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May Reads

Most of May's pages were read in airports and metro stations, which is fitting: my feelings on these books are all over the place.

1. Last Night in Montreal by Emily St. John Mandel. She's one of my favourite authors, and this book didn't disappoint. It explores lost connections: anything from dead languages, missing family members, to breakups. I will say I like her most recent work more.

2. Think Like a UX Researcher by David Travis. A UX Researcher on my team recommended this book, and I'm glad I picked it up. These sort of guides tend to be pretty dry, but this offered a few concrete tips to make research more meaningful.

3. Nightfall & Other Stories by Isaac Asimov. Ah, my true love. He's the master of short fiction, and I'm glad he's written so much that I don't risk running out of stories. The titular story was my favourite, but there wasn't one in the bunch I didn't enjoy.

5. The Midnight Library by Matt Haig. I read a few of his previous books with mixed reviews, but I had to give this one a try. I mean, libraries, parallel universes? Come on. But this is one of those books where the idea and execution don't quite match up. It came off as very preachy and self-help-ish.

7. Remarkably Bright Creatures by Shelby Van Pelt. I thought this would be similar to Lily and the Octopus, a book about man's deep connection with animals; in reality, this was closer to a Hallmark movie. My biggest issue with the book is that you learn the "twist" about a third of the way through the book, then have to trudge through to the end until the characters finally get there themselves.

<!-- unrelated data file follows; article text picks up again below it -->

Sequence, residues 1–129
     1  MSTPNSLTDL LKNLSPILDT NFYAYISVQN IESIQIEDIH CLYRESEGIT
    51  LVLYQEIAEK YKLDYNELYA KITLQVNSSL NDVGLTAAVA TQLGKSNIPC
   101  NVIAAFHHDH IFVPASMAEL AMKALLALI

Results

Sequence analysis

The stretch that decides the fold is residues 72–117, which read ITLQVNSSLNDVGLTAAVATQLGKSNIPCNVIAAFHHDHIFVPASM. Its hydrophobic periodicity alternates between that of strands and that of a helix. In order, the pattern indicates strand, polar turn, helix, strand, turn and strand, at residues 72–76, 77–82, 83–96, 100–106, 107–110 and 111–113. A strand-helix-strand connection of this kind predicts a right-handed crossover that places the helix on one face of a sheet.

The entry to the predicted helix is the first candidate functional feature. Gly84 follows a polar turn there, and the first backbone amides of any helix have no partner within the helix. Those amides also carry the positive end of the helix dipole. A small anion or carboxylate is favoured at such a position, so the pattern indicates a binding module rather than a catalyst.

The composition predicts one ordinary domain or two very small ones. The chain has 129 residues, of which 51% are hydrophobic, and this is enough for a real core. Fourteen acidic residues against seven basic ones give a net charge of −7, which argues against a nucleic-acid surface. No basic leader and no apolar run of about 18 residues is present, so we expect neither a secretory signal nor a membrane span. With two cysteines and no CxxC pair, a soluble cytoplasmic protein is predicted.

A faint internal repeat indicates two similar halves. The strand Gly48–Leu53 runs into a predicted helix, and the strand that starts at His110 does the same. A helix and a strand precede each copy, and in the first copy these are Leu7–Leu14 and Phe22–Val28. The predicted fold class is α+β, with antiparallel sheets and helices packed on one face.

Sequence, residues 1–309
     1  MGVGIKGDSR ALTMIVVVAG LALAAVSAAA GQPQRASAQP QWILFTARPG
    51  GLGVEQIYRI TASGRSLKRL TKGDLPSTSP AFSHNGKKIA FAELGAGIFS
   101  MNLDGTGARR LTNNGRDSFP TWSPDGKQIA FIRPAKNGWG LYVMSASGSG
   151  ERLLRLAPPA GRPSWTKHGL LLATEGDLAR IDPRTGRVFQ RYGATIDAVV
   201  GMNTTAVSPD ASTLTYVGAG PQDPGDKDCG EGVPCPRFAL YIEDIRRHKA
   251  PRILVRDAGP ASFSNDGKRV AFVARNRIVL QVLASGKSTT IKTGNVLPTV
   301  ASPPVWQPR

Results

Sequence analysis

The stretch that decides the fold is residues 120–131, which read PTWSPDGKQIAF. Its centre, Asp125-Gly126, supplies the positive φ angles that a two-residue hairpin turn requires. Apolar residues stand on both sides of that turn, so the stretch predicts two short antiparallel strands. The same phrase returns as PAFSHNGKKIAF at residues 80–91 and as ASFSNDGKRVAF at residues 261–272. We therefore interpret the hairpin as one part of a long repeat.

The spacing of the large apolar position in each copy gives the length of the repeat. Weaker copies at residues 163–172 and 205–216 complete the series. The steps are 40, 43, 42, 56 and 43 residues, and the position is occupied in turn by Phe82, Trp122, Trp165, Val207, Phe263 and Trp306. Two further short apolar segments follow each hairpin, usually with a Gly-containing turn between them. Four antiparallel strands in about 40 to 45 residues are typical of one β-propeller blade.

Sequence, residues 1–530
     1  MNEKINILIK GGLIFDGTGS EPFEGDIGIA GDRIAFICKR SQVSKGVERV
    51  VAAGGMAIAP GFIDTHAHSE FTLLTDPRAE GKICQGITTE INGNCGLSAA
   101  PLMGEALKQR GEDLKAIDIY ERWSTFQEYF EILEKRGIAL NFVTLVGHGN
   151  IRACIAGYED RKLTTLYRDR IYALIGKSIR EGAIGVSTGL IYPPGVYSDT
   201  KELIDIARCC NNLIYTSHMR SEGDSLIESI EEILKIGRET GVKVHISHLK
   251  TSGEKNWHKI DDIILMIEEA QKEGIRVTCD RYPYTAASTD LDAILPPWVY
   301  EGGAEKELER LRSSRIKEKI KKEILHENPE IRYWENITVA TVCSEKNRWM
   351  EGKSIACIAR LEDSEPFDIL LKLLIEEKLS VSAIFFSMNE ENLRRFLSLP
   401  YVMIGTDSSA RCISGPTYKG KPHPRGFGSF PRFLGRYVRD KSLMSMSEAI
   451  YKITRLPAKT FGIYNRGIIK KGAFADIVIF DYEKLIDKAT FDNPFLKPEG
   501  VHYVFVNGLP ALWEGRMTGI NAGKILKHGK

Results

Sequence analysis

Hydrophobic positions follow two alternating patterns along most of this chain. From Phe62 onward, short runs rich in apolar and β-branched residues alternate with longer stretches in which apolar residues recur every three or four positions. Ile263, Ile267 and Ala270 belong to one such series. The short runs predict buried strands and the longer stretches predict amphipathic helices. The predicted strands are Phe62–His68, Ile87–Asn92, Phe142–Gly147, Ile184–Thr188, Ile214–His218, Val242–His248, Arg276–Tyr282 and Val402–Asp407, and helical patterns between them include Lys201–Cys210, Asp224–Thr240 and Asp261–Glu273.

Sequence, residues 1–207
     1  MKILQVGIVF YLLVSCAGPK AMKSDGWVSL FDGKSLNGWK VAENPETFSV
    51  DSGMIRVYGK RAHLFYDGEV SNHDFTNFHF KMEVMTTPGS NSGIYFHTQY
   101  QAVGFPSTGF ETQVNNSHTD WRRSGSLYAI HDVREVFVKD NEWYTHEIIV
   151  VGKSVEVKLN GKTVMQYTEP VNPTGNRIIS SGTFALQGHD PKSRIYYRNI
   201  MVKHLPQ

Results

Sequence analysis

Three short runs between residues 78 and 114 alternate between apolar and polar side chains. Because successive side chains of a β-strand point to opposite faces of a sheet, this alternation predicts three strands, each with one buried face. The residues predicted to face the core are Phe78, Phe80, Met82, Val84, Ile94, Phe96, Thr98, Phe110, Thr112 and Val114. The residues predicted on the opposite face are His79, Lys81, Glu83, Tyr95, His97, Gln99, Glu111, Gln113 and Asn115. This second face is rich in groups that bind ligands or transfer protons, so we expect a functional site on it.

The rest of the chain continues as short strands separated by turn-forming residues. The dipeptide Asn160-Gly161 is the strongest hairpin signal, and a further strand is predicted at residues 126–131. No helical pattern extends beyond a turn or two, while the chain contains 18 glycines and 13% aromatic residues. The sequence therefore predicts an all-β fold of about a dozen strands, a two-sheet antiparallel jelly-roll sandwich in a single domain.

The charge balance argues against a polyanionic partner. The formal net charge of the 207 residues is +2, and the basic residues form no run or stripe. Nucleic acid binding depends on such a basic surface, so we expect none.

8. One Flew Over the Cuckoo's Nest by Ken Kesey. A classic; I still remember being freaked out by the movie in high school. Maybe my memory isn't as good as I thought, because I don't remember hating the main character. In the novel he's despicable, even if the nurse is, too. I think it's worth a read in the way most classics are, and I can't say I hate a book that gives me mixed feelings.

9. The Invention of Love by Tom Stoppard. Have you read Stoppard's plays? Go! Now! I feel like I see life through a new lens every time I read his work; if you're new to him, I'd recommend starting with Arcadia, but you'll soon find yourself adding the rest to your to-be-read pile. 10. At The Edge of the Woods by Masatsugu Ono. I know I read some weird stuff, but this one takes the cake. It's...unsettling, in the way that good creepy stories are, but Ono took it a bit too far for my taste: I can only take so much imagery about babies and mothers fighting for control of the umbilical cord.

So: this month was a mixed bag. I'd like to start reading more short story collections; I'm always hesitant, since I tend to work through them more slowly, but usually find them worthwhile. For June, I have three or four books that were recommended to me by friends. Recommendations are also a mixed bag. Just because I love a person doesn't mean I'll love what they love. Sometimes they hit the mark, but if not, it's great to see what they enjoy.

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